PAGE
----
This morning PLF, joined by the California Cattlemen’s Association and the Building Industry Association of the Bay Area, filed an amicus brief in support of Drakes Bay Oyster Company’s petition for rehearing en banc of the Court’s September decision in their case. That opinion upheld the trial court’s denial of an injunction that would keep the shellfish farm in existence while it litigates its permit renewal claims against the Interior Department and the National Park Service.
A critical aspect of the Ninth Circuit’s decision is its ruling that the federal government could avoid examining the environmental impacts of an action, in this case destroying a long standing farming operation, if the agency intends to benefit the environment in taking that action. This ruling is based on the Ninth Circuit’s dubious precedent in Douglas County v. Babbitt, which holds that the National Environmental Policy Act does not apply to designation of critical habitat under the Endangered Species Act.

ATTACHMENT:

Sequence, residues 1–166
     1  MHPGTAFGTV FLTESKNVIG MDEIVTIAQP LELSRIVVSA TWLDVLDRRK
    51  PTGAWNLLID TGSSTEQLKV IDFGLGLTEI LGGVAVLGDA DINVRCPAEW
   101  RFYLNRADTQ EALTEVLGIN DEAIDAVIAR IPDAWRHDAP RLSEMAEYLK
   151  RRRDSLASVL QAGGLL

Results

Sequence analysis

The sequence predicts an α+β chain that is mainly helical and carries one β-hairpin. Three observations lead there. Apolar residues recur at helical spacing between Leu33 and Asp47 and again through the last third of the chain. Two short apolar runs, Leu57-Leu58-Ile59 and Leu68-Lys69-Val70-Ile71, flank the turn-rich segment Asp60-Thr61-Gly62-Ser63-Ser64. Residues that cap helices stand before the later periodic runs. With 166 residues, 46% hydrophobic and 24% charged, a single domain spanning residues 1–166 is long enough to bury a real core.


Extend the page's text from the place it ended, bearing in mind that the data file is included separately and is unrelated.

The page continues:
PLF’s brief argues that Douglas County should be reversed. Other federal circuits have expressly disagreed with the case, and common sense and experience have demonstrated that critical habitat designations do have significant environmental impacts that the government should identify and consider. Just ask any Fresno County farmer who has been denied irrigation water whether designating critical habitat for the delta smelt has impacted the environment of the San Joaquin Valley. And while you are asking, don’t forget to take today’s ESA at 40 Facebook poll.